General strikes will greet the Portuguese and Spanish public today and protests will take place in Italy and Greece as well. This as unions and other organized groups demonstrate against economic conditions and austerity measures in their respective countries. While the disruptions will have their effect, the centerpiece of today’s ‘action’ is the fact that the strikes have been organized in unison and this could be a cause for alarm among investors. Meanwhile in France, President Hollande held a press conference yesterday in order to try to express his ideas for going forward as his political ratings fall to new lows. Hollande has only been in power six months but is finding that the economic problems in France have not given him any room for mistakes. Hollande tried to get the message out that he is more concerned about the prospects of France five years from now and that is what he is working towards, but his message his likely to fall on deaf ears which are growing increasingly worried about their immediate future. On top of all this the German ZEW Economic Sentiment reading yesterday produced a very negative result of minus -15.7 compared to the estimate of minus -9.9. The results highlight that institutional investors and analysts from Germany are expecting an increasingly difficult economic climate.

The EUR is trading near the lower boundaries of its short-term range, but its values are still above the lows of mid-July when Mario Draghi took it upon himself to instill stability by discussing the possibility of ECB purchases of Sovereign Debt. Industrial Production numbers will come from the continent today, but plenty of focus will be on the gyrations of the general strikes and their aftermath. The ‘confidence game’ via the European financial crisis is at a fragile stage, but today nor tomorrow appear to be some type of end game. On Thursday GDP reports will come from Germany and France and this should provide additional insight for investors.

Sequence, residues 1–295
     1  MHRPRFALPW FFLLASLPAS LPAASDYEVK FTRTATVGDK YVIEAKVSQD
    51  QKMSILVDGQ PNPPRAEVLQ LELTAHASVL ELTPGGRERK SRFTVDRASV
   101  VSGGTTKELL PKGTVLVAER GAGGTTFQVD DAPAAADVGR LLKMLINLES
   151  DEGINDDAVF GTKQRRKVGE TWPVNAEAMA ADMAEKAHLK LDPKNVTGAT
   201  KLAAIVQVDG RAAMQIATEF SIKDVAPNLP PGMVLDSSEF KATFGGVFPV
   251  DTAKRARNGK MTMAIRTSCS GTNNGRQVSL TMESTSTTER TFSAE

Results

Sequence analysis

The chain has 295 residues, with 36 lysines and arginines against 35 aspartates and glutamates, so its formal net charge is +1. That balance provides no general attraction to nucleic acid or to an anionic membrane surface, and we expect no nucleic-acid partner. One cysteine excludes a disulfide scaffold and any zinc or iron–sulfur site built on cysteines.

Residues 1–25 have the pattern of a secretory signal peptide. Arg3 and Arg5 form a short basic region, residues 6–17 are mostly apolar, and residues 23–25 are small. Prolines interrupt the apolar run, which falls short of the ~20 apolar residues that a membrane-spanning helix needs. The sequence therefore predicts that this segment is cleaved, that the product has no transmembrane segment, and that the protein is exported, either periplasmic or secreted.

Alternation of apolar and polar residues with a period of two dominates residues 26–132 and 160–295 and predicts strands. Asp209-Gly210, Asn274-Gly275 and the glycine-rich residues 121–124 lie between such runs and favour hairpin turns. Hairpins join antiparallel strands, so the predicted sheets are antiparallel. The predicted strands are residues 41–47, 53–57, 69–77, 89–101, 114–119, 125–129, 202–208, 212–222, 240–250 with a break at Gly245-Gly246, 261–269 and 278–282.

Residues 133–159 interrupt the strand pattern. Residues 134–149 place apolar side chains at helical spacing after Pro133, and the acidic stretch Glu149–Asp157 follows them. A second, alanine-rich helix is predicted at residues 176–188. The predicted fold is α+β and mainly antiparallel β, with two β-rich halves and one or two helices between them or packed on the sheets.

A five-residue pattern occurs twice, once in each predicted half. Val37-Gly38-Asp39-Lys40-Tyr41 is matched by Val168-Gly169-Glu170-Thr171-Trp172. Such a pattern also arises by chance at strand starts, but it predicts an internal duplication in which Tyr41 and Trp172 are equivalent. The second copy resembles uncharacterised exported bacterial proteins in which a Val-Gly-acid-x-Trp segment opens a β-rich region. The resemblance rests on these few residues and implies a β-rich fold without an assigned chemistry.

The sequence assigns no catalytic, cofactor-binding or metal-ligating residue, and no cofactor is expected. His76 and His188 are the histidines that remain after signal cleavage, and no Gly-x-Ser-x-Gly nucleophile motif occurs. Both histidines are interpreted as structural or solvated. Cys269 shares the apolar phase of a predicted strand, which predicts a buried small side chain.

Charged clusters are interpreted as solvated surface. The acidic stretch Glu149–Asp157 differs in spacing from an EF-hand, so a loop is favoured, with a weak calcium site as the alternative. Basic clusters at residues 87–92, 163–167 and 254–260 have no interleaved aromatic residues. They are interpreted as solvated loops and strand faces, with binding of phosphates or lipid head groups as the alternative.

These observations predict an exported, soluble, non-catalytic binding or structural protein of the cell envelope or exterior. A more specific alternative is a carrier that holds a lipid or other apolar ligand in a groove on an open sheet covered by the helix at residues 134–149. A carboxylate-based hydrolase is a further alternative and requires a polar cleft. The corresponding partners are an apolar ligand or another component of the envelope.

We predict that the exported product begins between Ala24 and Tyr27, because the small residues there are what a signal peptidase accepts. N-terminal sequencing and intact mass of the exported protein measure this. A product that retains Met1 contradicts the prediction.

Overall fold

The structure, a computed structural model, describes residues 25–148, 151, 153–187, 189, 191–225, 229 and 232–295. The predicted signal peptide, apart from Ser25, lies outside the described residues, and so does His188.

The GBP has continued to lose value and like the EUR finds itself approaching short-term lows not seen since September. However, like the Single Currency the Sterling is well above its low water marks of May and July. Inflation data from the U.K. produced higher figures than estimated via the CPI and PPI yesterday. Today BoE Governor Mervyn King will hold a press conference to discuss the Inflation Report and this could provide GBP traders with fireworks as he discusses his outlook for the U.K. economy which is struggling still.

The JPY has moved to a new consolidated avenue above its usual stronger values. As questions continue to mount about the global economy and health of Japanese corporations, it could be expected to eventually produce a stronger JPY based on the notion of preservation among investors. The Yen should be watched carefully because when it does break consolidated grounds within forex markets it tends to do so with a rather quick move.

Wall Street continued to disappoint on Tuesday. For much of the day the major indexes tried to trade upwards but continued to meet headwinds. And in the last couple of hours of trading the Dow, the S&P, and NASDAQ all showed more fatigue and an inability to put in positive results. Thus, after a long weekend break (taking into consideration the low volumes because of Monday’s Veteran Day holiday) investors were not able to show any signs of optimism. In fact bond yields from the U.S. grew stronger on Monday pointing towards a mood for preservation instead of risk. Retail Sales figures will come from the States today and these numbers will be watched closely.

While Crude Oil via WTI continues to trade near its lows in a consolidated fashion, Gold somehow is maintaining a rather nice perch around 1727.00 USD. The precious metal should be watched closely because it has somehow kept its higher values even as the USD has grown stronger in recent trading. Meaning that one of them, Gold and the Greenback, is likely to see some type of corrective movement relatively soon. Commodity prices like the international equity bourses have become hard pressed to gain as doubts about the global economy grow via the outlook for 2013.